Traveling Through The Dark

Traveling through the dark I found a deer
dead on the edge of the Wilson River road.
It is usually best to roll them into the canyon:
that road is narrow; to swerve might make more dead.

By glow of the tail-light I stumbled back of the car
and stood by the heap, a doe, a recent killing;
she had stiffened already, almost cold.
I dragged her off; she was large in the belly.

My fingers touching her side brought me the reason--
her side was warm; her fawn lay there waiting,
alive, still, never to be born.
Beside that mountain road I hesitated.

The car aimed ahead its lowered parking lights;
under the hood purred the steady engine.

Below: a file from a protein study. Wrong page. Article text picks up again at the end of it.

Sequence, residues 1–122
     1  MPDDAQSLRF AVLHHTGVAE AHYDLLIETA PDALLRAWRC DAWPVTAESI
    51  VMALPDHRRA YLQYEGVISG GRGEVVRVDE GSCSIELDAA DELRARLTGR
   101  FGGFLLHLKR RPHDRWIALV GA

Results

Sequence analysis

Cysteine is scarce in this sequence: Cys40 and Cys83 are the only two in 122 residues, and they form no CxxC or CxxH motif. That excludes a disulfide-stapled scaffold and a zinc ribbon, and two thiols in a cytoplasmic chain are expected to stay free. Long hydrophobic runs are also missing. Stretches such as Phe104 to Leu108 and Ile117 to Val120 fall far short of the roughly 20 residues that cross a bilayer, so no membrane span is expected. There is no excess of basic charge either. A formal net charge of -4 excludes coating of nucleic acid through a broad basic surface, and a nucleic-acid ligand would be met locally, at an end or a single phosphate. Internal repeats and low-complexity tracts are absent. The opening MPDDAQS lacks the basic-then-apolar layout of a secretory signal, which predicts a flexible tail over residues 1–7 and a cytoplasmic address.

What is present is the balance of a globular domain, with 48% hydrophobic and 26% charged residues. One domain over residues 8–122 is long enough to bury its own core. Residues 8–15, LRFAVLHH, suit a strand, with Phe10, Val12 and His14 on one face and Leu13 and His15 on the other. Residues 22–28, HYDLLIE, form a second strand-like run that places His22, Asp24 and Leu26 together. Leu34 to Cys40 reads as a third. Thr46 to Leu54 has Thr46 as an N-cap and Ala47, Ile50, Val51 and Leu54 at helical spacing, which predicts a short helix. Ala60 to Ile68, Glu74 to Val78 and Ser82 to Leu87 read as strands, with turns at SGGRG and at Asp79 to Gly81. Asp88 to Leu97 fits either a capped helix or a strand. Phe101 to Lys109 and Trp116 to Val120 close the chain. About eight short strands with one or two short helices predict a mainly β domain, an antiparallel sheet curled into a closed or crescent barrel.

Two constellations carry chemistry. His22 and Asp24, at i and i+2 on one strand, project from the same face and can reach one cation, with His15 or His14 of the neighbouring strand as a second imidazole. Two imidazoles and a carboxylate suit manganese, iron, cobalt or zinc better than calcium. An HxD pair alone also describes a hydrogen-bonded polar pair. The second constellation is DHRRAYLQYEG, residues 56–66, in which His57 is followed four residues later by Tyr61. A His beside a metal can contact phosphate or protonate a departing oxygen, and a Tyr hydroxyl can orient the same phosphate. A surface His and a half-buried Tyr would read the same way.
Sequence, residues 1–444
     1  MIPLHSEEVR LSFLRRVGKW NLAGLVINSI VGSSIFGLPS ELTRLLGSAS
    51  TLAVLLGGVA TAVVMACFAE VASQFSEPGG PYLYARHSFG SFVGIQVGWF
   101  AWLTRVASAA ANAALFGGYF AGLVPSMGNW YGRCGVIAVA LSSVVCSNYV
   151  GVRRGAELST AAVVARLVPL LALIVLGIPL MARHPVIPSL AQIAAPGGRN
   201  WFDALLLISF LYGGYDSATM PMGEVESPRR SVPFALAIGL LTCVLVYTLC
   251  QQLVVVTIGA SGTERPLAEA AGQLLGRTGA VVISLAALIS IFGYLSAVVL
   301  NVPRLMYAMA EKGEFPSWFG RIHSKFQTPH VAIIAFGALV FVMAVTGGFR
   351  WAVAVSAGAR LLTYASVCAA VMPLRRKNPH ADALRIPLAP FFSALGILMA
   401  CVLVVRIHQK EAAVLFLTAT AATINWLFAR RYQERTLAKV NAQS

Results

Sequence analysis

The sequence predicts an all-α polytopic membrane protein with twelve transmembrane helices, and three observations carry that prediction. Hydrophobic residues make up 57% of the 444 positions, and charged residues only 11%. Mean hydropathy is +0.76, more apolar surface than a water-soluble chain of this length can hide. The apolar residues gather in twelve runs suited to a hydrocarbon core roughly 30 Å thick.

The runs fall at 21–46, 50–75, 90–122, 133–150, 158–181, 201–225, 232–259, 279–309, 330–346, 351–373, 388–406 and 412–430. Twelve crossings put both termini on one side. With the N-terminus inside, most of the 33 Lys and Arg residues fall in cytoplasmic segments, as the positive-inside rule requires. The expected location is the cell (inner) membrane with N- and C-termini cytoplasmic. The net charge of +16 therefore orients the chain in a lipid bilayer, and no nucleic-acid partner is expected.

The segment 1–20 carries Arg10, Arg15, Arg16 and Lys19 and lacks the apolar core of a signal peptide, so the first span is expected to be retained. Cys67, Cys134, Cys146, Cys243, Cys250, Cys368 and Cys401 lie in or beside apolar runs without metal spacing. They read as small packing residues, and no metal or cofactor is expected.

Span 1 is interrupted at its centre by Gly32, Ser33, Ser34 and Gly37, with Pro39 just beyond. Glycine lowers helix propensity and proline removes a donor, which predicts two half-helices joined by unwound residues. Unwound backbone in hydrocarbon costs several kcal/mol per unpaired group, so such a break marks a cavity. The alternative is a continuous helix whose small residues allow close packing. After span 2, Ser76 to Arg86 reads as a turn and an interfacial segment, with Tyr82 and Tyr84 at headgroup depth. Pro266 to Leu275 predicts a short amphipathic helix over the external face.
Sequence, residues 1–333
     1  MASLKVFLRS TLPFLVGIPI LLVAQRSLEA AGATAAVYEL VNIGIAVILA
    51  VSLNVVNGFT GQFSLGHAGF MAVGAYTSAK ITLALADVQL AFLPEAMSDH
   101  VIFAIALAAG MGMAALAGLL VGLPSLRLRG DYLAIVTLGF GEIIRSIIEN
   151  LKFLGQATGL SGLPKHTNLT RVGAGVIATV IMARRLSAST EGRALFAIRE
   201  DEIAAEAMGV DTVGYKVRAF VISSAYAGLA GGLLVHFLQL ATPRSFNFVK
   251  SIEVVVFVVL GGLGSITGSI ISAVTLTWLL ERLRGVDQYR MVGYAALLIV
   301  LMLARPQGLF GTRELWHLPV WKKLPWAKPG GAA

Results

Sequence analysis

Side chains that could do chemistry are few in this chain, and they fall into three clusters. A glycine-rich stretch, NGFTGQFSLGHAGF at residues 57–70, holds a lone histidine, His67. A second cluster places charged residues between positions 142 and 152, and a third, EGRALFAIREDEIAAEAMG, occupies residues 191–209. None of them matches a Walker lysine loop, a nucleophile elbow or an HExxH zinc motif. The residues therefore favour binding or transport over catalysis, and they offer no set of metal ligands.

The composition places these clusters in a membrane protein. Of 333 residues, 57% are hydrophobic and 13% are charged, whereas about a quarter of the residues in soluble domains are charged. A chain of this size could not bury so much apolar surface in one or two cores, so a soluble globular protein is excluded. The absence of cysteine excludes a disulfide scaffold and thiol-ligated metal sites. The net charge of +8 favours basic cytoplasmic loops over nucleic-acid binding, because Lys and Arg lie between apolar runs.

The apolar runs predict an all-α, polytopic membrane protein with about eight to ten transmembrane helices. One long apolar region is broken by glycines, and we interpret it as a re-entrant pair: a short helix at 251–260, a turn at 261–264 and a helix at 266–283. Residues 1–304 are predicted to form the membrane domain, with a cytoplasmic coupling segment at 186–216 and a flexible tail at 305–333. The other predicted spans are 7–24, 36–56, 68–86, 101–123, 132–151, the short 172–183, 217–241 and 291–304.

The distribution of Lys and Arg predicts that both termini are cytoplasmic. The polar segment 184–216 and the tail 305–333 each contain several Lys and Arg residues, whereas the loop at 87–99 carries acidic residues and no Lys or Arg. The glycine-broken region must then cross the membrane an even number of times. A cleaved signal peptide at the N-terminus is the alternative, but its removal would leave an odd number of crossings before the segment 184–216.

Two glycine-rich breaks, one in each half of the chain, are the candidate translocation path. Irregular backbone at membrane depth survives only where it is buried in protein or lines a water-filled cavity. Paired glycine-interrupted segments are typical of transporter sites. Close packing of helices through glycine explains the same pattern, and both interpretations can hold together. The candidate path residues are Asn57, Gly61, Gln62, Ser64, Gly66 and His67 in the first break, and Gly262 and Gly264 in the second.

I stood in the glare of the warm exhaust turning red;
around our group I could hear the wilderness listen.

I thought hard for us all--my only swerving--,
then pushed her over the edge into the river.

by William Stafford

Comments (18)

Bad poem, I agree with older dankboi, it can suck dic
Just terrible, worst poem I ever read.
It sucked my dic. That is how bad it was
Amazing poem I love it
Someone online, I thought it here at Poem Hunter, remarked that the whole premise of the poem is false, because, he wrote, the unborn deer lay in its mother dead more than three hours. Stafford didn't say that in the poem: he said a recent kill, and that may mean very recent; the deer was still warm! You stand corrected, whomever you are. Nick Campbell
See More